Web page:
They hung out together. They ate food together. They sought one another’s company.
What came out of all this congregating? That is to say, what is the progression of events set down by the author of Acts?
Those who believed came together. They shared a common life, including their resources, their time, and their affection. They spent “much time together,” breaking bread and enjoying one another. Out of all this togetherness emerge two things: worship and expansion.
It seems important to note that worship appears, at least in part, to be the communal response to God’s having called these people to share “much time together.” Having broken bread together with “glad and generous hearts,” the first thing the author of Acts says they do is start “praising God.” Worship, at least in this telling of it, breaks forth from a people who love each other and take every opportunity to be together.
What happens next? People see all of this comity and friendship and fall all over themselves to be a part of it. The opportunity to make friends, to find shelter from an often hostile world, to be a part of a community held together by something greater than a collection of individual interests appears so attractive that “day by day” new people show up and want in. In this way, the church isn’t just a collection of individuals seeking to get their social needs met; it’s a polis that helps people to identify what their truest needs are.
It strikes me that the church today might take its cue from this earliest idealized description of the church.
What Do I Envision?
In a mobile society I believe the church needs to begin to think first about how to bring people together, to cultivate relationships that are difficult to form as people grow older. That is not to say that churches need to leave behind their commitment to worshiping God or to seeking justice or to educating and forming the faithful. It is to say that those things can be the product of communities called to together by God, rather than places that seek to form communities for the purpose of accomplishing those things.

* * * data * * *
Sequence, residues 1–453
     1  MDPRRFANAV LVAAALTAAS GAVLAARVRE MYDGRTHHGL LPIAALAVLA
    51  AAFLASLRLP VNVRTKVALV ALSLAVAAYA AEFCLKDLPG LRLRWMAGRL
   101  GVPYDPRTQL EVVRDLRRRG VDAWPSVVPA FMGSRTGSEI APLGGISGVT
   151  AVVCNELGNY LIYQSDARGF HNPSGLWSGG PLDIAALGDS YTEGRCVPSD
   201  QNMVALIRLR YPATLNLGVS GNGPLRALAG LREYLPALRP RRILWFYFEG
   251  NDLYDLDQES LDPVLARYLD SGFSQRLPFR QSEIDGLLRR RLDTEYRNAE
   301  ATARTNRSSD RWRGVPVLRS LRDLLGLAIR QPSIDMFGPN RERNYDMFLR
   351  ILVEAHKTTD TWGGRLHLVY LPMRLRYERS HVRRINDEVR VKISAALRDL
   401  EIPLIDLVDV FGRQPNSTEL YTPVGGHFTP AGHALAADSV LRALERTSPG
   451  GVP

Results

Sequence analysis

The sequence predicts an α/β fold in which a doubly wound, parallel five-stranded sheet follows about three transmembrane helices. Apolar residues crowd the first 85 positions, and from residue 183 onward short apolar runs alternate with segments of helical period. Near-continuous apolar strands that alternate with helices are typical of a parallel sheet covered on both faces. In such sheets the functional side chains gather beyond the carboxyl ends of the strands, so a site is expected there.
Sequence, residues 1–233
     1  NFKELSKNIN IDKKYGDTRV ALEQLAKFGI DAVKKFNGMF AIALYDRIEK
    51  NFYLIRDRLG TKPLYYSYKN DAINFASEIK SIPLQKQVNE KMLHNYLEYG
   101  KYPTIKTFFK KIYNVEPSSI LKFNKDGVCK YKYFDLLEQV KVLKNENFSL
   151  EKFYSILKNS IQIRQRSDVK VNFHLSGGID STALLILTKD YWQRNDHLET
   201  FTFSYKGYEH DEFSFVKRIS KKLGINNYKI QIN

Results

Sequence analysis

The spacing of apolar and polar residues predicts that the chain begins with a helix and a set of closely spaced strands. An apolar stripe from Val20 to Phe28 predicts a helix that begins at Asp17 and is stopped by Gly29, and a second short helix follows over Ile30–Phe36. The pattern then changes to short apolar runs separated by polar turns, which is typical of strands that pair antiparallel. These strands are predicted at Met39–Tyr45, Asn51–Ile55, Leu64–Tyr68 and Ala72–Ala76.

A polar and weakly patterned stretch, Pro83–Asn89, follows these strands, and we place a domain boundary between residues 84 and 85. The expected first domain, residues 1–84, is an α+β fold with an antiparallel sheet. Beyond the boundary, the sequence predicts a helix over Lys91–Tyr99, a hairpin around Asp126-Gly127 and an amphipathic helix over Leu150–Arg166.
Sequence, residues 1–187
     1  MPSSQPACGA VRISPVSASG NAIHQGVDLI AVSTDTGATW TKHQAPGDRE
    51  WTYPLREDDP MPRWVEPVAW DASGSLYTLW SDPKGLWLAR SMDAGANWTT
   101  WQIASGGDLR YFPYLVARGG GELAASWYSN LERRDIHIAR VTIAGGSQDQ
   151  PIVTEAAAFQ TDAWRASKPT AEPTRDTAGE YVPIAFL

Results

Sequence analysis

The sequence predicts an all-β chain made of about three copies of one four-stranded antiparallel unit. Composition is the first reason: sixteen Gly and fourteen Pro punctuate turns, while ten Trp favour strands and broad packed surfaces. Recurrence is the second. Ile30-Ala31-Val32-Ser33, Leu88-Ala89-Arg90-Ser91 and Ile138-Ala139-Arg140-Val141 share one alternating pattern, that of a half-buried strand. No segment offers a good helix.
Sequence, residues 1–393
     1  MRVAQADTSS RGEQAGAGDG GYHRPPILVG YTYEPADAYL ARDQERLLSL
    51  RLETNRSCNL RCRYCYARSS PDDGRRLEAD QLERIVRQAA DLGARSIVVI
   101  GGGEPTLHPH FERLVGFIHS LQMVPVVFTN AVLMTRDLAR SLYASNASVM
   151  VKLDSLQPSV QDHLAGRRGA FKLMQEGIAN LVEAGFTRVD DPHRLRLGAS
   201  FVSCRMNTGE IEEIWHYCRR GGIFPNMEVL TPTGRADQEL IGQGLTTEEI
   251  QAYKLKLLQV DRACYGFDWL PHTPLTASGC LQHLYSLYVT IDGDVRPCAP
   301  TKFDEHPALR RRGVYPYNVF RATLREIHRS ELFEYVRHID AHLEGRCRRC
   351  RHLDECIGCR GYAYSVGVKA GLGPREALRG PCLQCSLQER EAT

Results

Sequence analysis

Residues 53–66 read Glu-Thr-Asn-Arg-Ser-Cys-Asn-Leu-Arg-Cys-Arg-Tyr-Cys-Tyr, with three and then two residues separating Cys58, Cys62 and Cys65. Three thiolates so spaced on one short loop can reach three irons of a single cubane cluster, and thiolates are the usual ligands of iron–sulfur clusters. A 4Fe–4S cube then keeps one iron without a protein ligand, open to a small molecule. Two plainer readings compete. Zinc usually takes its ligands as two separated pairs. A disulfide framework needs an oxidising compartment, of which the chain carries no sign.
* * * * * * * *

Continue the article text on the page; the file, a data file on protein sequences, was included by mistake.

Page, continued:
Am I saying it’s wrong to gather people together to accomplish some greater goal, or that working together can’t produce community? Absolutely not. At times when people can assume a stable culture where friendship and community is a durable product of being located in a single place over time, I think associational community can work just fine. But in a time when the culture seems to force dislocation and rootlessness, when friendships are often fleeting and difficult to cultivate, being a place where the initial appeal revolves around getting things done is going to be a hard sell to emerging generations.
Something like a pub or coffee house ministry—almost cliché in some circles and misunderstood in others—if not viewed as just another slick marketing tool to bait and switch a desirable demographic into the church, has the virtue of providing a non-threatening space in which people can gather to make friends. The focus is first focused on creating space and not on creating new members.
“Fine. But what if those people don’t ever join the church?”
What if they don’t? They weren’t scratching and clawing to get in anyway. Why not just do it because it’s the right thing to do? People who have no other community need a place to belong. Whether the church ever benefits from it, why not just provide it as a service because we’ve been called to minister to a world struggling to keep its head above water?
In a post-denominational world, the church is going to have to learn to love ministry, service, loving people because that’s what we were created and called by God to do. It should quit spending all its time figuring out all the angles by which it might benefit from ministry. Ministry is not a marketing tool, designed to sell something; it’s a vocation, a way of life.
Whether or not denominations survive intact should be of less concern to us than that the gospel is lived out. And if our highest priority is living out the gospel, then we’re going to have to spend more time thinking about how we can produce great and interesting ministry out of the stable foundation of community, and less time worrying about how to prop up flagging institutions.